After getting together to record in early 2021, doing virus tests every day to enable them to do so (with the – in hindsight, “sort of insane” – determination to put out a record before Jules had her baby), the band eventually paused with the promise to regroup when they were ready. When they did regroup, several months and the birth of a child later, in a recording studio that Fern built in her house, their creativity found a new lease of life. 

“We opened Pandora’s Box, which was a mess,” Jules states, prompting empathetic groans from her band mates. “The four of us together, with the baby, at Fern’s house, drank shitloads of cups of tea and coffee, and just fixed it.” It was a process that the band describe as being “a bit like renewing our vows.” “We were like these satellites that were so far apart,” Jules portrays. “Then we came back together and recommitted and worked together on these songs and made them what we wanted.”

The result is an album the band couldn’t imagine being more proud of. Jules describes it as half “questioning-while-pregnant songs,” and half “mad, hyper-emotional, hormonal love songs, where I’m just exhausted but more in love than I’ve ever been.” All four of the band members say they’ve been listening to it a lot. They state that they do so with variations of “I know it’s embarrassing,” but their enthusiasm for what they’ve created is a testament to how much they put into it and how proud they are of what they’ve made. 

“The point of music is to make you feel like less of a weirdo, to make you feel not alone”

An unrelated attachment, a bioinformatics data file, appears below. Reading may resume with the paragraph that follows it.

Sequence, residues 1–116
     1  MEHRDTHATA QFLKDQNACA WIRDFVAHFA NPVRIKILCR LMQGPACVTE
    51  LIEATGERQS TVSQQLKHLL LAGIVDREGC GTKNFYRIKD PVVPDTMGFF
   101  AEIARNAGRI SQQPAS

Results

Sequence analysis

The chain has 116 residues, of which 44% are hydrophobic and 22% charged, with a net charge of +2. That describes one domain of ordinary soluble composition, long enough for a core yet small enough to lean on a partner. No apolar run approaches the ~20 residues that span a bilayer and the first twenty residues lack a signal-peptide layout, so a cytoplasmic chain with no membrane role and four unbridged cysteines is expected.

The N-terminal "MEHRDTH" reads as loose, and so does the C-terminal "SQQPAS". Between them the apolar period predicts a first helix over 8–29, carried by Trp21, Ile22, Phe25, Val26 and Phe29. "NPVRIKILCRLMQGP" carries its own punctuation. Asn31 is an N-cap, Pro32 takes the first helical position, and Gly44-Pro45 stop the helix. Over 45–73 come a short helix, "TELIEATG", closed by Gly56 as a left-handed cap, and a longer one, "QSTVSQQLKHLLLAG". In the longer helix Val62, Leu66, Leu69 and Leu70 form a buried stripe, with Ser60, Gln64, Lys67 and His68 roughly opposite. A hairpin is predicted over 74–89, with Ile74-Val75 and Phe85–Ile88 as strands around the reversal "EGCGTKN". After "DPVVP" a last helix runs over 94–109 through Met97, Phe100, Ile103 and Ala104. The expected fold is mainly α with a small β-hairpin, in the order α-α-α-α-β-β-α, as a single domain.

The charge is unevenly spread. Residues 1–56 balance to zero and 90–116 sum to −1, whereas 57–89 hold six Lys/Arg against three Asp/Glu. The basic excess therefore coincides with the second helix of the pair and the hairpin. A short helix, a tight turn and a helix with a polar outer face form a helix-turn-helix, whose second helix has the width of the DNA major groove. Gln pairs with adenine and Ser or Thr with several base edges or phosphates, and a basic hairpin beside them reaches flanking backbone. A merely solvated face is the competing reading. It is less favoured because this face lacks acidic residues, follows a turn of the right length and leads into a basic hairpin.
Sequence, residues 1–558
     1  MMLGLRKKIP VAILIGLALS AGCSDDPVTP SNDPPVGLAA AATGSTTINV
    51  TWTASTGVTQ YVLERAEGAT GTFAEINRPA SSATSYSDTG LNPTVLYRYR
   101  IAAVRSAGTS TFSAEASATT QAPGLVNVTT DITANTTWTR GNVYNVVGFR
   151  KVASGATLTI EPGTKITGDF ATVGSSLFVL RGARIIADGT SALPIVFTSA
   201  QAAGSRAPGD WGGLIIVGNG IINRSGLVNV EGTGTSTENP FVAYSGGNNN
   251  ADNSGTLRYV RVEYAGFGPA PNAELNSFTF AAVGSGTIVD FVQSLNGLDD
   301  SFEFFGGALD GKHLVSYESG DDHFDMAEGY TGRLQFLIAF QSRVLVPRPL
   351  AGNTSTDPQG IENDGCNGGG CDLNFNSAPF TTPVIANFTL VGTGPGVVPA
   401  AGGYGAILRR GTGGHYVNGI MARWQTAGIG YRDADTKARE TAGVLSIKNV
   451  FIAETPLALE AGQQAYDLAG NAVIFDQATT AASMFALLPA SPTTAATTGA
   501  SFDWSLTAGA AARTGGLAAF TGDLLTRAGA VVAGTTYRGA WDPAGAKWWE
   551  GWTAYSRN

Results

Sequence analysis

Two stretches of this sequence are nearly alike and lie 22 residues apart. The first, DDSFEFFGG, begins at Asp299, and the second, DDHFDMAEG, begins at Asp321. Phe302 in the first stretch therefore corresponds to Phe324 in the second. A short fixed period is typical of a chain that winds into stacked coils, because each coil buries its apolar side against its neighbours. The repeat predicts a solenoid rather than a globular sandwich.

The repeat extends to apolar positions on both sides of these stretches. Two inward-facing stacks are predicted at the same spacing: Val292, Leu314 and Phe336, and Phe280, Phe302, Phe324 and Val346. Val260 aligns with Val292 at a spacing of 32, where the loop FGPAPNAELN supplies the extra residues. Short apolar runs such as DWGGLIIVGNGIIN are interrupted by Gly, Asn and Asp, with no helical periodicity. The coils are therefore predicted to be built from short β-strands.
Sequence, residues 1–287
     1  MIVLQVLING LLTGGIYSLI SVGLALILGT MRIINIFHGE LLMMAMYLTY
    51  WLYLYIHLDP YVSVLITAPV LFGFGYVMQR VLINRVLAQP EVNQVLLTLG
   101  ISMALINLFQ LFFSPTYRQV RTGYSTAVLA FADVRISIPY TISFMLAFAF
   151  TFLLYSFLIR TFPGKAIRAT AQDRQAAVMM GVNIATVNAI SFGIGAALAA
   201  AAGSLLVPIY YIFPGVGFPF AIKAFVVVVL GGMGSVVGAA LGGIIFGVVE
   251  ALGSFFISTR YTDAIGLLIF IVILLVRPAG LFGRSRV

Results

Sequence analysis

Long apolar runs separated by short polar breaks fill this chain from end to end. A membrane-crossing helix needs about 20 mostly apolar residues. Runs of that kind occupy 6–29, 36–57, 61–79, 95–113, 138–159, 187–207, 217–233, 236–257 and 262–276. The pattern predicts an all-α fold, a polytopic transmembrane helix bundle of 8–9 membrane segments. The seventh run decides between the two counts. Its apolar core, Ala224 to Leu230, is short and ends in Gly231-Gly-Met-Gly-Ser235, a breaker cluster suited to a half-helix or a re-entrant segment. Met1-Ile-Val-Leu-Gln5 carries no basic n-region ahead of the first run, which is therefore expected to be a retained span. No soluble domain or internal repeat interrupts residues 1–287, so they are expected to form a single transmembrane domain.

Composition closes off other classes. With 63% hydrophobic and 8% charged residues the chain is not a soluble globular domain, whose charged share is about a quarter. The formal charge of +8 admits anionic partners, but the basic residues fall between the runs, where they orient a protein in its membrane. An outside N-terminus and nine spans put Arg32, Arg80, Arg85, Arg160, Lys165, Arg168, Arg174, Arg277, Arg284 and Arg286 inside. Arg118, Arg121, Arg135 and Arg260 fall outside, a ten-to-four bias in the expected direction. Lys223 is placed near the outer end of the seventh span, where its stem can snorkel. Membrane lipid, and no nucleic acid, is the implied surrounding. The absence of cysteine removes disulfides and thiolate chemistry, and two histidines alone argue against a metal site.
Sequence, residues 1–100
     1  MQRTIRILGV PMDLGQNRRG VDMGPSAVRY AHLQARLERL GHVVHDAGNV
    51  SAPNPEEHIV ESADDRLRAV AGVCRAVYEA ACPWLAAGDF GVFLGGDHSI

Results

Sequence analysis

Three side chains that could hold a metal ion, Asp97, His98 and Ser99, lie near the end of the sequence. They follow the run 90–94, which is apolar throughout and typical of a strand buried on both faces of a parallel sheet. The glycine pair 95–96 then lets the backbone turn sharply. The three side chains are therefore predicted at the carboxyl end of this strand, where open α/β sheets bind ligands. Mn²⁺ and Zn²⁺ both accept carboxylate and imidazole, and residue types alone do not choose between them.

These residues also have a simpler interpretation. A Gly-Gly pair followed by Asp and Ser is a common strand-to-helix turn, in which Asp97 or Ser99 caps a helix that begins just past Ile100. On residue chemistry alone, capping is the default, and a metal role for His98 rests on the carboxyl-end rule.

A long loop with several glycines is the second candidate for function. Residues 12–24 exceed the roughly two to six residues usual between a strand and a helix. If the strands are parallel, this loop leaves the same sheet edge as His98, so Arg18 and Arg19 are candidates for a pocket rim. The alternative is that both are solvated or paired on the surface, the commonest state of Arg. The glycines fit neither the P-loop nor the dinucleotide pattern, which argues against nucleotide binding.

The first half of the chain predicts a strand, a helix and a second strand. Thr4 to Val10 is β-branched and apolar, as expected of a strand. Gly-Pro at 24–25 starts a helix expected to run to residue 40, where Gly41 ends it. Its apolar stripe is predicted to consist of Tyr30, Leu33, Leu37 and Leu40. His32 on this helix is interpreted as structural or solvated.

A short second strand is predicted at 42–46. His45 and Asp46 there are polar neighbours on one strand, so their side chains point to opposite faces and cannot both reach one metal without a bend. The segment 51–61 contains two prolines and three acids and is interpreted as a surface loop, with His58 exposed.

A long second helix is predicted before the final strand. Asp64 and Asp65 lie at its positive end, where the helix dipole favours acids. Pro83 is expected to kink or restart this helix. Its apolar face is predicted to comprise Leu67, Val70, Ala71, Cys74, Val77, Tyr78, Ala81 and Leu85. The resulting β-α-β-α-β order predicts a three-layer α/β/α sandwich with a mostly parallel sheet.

Jules Jackson

“The point of music is to make you feel like less of a weirdo, to make you feel not alone,” Jules conveys. “So when other people are saying ‘I hear you and I have this experience too’, it makes me feel better to know that I’m not by myself. That is the point of all of this, for me.”

It’s something their fans have been quick to connect to, and something the rest of the band are quick to affirm, too. “People saying things like ‘I’m going through this right now, and I just listened to your song…’ I found that so moving to read,” Soph states, “and I’m not in your position or their position,” she says to Jules. Of the songs themselves, she says that “even though it’s about a specific thing, I feel like you can relate it to so much.”

“I find it inspiring to be able to listen to that,” she continues, “but I can also take some of the lyrics, and they make sense to me in lots of different ways.” Finding affirmation and connection in each other’s voices, working together in The Big Moon is – as it’s always been – a labour of love, a way to create while furthering their understanding of the world, not just through each other, but through anyone who connects to what they do. “That’s the beauty of music,” Soph states.